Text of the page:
• The inability to remember important personal information that is too prevalent to be explained by ordinary forgetting and that is not due to the direct effects of a substance (for example, loss of consciousness or chaotic behavior during intoxication alcoholic) or a general medical condition (eg complex partial attacks).

Guidelines for diagnosis and treatment

Whatever the diagnosis, in the event of dissociation, it is important to explore the role it plays in the patient’s life. Dissociation is a defense mechanism.

It is important for the therapist to discriminate between dissociation and to talk about defense mechanisms as part of a process. The therapist can then accompany the patient in exploring the reasons why he can use this mechanism as a defense. If the therapist addresses the issue of dissociation as soon as there is any indication of it, the diagnosis will come more easily. Using the Dissociative Experience Scale (DES) or the Somatomorphic Dissociation Questionnaire (SDQ-20) can help determine the degree and role that dissociation plays in a person’s life. (Haddock, DB, 2001, p. 72)

The International Society for the Study of Dissociation (ISSD) has developed general guidelines for the diagnosis and treatment of TIDP. He states that the basis of a diagnosis is a mental status examination that focuses on issues related to dissociative symptoms. The ISSD recommends the use of dissociative review tools, such as DES, Dissociative Disorders Maintenance Program (DDIS), and DSM-IV Structured Dissociative Disorder Clinical Interview.

The DDIS, developed by Ross, is a very structured interview that covers topics related to the diagnosis TIDP, as well as other psychological disorders. It is useful in terms of differential diagnosis and provides the therapist with the average scores for each subsection, based on a sample of TIDP patients who responded to the inventory. The SCID-DR, developed by Marlene Steinberg, is another very structured interview instrument used to diagnose dissociation.

An important aspect of Steinberg’s work is the five central dissociative symptoms that must be present to diagnose a person with TIDP or TIDPNE (non-specific). These symptoms are: dissociative amnesia, depersonalization, unrealization, identity confusion, and identity alteration.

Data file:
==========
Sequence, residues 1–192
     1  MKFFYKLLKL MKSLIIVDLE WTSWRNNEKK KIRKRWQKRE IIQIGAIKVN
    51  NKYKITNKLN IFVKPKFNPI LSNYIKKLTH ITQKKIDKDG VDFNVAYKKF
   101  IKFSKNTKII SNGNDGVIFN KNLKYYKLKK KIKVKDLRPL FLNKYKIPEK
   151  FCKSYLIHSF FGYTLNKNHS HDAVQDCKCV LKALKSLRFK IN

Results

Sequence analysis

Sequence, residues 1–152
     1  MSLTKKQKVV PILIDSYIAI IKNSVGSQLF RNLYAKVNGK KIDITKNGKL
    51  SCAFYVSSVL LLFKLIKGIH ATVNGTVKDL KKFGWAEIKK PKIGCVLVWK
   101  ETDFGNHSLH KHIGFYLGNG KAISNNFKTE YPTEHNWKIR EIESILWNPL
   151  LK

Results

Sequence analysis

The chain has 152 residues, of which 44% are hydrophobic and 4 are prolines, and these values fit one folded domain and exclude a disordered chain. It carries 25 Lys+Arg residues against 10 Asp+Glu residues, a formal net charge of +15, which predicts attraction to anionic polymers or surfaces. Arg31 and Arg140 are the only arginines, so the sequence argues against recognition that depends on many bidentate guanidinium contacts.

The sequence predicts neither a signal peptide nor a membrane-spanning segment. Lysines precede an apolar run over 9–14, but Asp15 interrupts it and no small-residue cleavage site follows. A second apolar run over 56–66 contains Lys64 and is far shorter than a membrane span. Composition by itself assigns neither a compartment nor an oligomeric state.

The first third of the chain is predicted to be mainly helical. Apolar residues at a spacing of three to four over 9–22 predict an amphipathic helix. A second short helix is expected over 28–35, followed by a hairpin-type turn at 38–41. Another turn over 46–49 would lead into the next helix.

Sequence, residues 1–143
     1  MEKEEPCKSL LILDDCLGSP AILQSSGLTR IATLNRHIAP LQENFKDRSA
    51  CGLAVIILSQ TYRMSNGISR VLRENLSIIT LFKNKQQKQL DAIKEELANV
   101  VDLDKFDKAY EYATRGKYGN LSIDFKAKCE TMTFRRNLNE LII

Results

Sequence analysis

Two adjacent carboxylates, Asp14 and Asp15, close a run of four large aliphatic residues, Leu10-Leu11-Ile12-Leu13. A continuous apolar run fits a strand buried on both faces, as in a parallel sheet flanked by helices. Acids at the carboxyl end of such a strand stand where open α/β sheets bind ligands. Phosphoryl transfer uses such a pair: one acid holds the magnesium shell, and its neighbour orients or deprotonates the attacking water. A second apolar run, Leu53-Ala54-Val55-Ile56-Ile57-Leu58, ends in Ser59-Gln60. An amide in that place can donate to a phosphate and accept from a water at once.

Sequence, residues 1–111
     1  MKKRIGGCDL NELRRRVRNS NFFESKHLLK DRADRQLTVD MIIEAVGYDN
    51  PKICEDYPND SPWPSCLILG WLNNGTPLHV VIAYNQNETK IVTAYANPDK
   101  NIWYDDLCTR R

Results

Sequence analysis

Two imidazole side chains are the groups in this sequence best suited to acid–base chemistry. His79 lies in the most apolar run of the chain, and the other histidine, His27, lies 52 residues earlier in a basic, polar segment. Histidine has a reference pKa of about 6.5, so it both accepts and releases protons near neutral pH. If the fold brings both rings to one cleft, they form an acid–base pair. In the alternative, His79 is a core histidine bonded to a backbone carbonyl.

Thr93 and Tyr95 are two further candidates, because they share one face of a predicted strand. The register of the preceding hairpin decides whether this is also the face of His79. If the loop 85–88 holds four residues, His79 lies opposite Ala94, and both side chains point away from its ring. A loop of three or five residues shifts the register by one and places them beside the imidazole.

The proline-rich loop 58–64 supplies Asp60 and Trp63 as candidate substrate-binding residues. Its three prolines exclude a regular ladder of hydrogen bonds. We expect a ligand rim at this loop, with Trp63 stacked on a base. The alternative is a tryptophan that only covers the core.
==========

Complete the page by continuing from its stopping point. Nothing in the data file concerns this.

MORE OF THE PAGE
TIDP is experienced by the dissociative as identity confusion (whereas the non-dissociator generally lives life in a more integrated way). The TIDP experience is that the dissociator often feels disconnected from the world around him, as if he is sometimes living in a dream. The SCID-DR helps the clinical professional to identify specific aspects of this history.

diagnostic

In any case, the basic components of the therapist related to the diagnostic process include, but are not limited to, the following:

A comprehensive history

A first interview which can last between 1 and 3 sessions.

Special emphasis on questions relating to the family of origin, as well as psychiatric and physical history. The therapist should pay attention to memory gaps or inconsistencies found in the patient’s accounts.

direct observation

It is helpful to take notes regarding the amnesia and avoidance that occurs during the session. You should also appreciate the changes in facial features or voice quality, in case it seems out of context to the situation or what you are dealing with right now. Notice an extreme state of sleep or confusion that interferes with the patient’s ability to follow the therapist during the session (Bray Haddock, Deborah, 2001; pp. 74-77).

Review of dissociative experiences

If dissociation is suspected, a review tool such as DES, DDIS, SDQ-20 or SCID-R could be used to gather more information.

Note symptoms related to amnesia, depersonalization, unrealization, identity confusion, and identity alteration before diagnosing TIDP or TIDPNE.

Differential diagnosis to rule out specific disorders

You can start by considering the above diagnoses. That is to say, taking into account the number of diagnoses, the number of times the patient has received treatment, and the objectives achieved during previous treatments. The above diagnostics are considered even if not used, unless they currently meet DSM criteria.

It is then necessary to compare the DSM criteria with each disorder whose dissociation is part of its composition and to diagnose TIDP only after observation of alter ego alterations.

Look for the presence of drug addiction and eating disorders. If it is suspected that there may be dissociation, using a review tool such as CD or ED, a greater perspective can be obtained regarding the function of the dissociation process.

Confirmation of diagnosis

If dissociation is confirmed, DSM criteria are re-compared against possible diagnoses and diagnosis of TIDP, only after observing relief from alter egos. Until then, the most appropriate diagnosis will be dissociative nonspecific personality identity disorder (PIDDI) or post-traumatic stress disorder (PSE).

Bibliographical references:

  • Bray Haddock, Deborah, 2001. Dissociative Identity Disorder. Source book. McGrow-Hill Publishers, New York.
  • Fombellida Velasco, L. and JA Sánchez Moro, 2003. Multiple personality: a strange case in forensic practice. Notebooks of forensic medicine. Seville, Spain.
  • Orengo García, F, 2000. Prevalence, diagnosis and therapeutic approach of dissociative identity disorder or multiple personality disorder. www.psiquiatria.com
  • Rich, Robert, 2005. Have Parts ?: A Guide to Successfully Managing Life with Dissociative Identity Disorder. ATW and Loving Healing Press. UNITED STATES.
  • Sinason, Valerie, 2002. Attachment, trauma and multiplicity. Working with Dissociative Identity Disorder. Routledge, UK.